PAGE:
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Peter Galli has been a financial/technology reporter for 12 years at leading publications in South Africa, the UK and the US. He has been Investment Editor of South Africa's Business Day Newspaper, the sister publication of the Financial Times of London.

He was also Group Financial Communications Manager for First National Bank, the second largest banking group in South Africa before moving on to become Executive News Editor of Business Report, the largest daily financial newspaper in South Africa, owned by the global Independent Newspapers group.

He was responsible for a national reporting team of 20 based in four bureaus. He also edited and contributed to its weekly technology page, and launched a financial and technology radio service supplying daily news bulletins to the national broadcaster, the South African Broadcasting Corporation, which were then distributed to some 50 radio stations across the country.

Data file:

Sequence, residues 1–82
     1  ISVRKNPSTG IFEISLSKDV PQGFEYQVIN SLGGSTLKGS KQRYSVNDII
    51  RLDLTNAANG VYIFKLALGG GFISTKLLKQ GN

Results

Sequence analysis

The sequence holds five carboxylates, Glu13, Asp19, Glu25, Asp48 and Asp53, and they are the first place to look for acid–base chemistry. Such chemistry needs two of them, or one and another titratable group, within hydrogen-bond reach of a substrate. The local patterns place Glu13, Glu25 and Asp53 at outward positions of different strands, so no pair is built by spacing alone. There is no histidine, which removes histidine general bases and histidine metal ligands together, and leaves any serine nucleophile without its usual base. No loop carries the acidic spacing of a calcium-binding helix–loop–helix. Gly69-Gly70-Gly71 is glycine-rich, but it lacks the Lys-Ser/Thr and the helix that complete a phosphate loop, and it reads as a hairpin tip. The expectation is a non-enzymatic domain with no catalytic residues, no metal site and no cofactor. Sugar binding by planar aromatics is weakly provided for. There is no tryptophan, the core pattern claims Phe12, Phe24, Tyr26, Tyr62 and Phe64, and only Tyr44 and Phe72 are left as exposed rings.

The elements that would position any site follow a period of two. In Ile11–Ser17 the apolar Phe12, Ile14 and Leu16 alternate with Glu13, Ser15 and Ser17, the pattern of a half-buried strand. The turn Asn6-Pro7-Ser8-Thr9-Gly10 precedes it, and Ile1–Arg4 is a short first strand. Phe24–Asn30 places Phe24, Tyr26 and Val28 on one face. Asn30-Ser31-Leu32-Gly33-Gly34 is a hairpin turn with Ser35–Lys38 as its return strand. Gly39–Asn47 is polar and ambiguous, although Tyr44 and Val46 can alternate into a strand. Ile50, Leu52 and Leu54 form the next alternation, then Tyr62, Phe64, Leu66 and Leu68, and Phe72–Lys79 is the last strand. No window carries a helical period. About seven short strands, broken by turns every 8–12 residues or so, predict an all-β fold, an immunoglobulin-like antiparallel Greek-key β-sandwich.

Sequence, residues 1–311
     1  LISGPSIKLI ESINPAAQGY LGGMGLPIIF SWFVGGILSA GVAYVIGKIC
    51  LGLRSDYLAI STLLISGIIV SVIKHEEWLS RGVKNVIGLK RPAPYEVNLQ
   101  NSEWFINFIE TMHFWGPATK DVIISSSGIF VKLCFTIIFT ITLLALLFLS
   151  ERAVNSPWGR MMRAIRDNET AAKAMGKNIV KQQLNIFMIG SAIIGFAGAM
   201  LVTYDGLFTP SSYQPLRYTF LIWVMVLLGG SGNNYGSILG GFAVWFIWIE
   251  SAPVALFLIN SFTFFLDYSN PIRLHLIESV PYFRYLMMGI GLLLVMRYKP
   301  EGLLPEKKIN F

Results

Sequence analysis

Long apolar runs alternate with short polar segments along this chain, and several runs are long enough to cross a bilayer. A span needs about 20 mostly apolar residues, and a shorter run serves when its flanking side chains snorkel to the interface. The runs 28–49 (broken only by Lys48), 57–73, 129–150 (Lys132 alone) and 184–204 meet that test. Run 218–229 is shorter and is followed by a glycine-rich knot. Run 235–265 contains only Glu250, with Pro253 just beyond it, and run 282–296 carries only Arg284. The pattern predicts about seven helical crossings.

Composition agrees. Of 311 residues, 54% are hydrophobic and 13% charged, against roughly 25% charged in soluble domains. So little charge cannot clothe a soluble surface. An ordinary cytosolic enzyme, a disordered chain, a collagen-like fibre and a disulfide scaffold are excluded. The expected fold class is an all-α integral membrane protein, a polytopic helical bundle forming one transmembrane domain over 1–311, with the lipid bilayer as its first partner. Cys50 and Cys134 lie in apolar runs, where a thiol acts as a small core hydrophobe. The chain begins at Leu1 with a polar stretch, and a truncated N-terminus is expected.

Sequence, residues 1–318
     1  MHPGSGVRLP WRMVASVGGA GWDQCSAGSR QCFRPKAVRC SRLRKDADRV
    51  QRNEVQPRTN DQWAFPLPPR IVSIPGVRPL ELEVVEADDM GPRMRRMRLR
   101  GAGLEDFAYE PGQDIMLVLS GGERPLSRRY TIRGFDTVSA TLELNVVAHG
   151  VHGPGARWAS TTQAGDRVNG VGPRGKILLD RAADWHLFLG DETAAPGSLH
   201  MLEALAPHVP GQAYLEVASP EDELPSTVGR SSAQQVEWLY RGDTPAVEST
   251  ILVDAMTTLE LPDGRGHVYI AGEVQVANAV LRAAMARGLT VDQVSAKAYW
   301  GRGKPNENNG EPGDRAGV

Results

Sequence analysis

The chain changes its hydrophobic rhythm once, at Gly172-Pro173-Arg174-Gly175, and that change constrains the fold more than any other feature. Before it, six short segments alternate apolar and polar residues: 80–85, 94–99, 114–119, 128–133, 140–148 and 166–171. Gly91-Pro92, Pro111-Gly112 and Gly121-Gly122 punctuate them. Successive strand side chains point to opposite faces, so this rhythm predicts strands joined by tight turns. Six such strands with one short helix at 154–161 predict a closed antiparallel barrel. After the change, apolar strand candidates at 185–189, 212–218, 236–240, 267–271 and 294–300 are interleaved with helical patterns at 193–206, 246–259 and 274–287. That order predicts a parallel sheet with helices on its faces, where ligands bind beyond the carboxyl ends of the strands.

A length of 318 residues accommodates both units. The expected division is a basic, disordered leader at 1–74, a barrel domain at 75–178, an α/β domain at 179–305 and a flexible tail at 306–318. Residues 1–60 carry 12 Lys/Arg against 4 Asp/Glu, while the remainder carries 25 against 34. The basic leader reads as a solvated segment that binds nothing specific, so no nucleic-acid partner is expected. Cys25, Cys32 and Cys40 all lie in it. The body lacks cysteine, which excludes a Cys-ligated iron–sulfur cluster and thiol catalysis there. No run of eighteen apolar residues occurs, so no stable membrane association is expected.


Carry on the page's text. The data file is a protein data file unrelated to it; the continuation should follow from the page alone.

He was then transferred to San Francisco as Business Report's U.S. Correspondent to cover Silicon Valley, trade and finance between the US, Europe and emerging markets like South Africa. After serving that role for more than two years, he joined eWeek as a Senior Editor, covering software platforms in August 2000.

He has comprehensively covered Microsoft and its Windows and .Net platforms, as well as the many legal challenges it has faced. He has also focused on Sun Microsystems and its Solaris operating environment, Java and Unix offerings. He covers developments in the open source community, particularly around the Linux kernel and the effects it will have on the enterprise.

He has written extensively about new products for the Linux and Unix platforms, the development of open standards and critically looked at the potential Linux has to offer an alternative operating system and platform to Windows, .Net and Unix-based solutions like Solaris.

His interviews with senior industry executives include Microsoft CEO Steve Ballmer, Linus Torvalds, the original developer of the Linux operating system, Sun CEO Scot McNealy, and Bill Zeitler, a senior vice president at IBM.

For numerous examples of his writing you can search under his name at the eWEEK Website at www.eweek.com.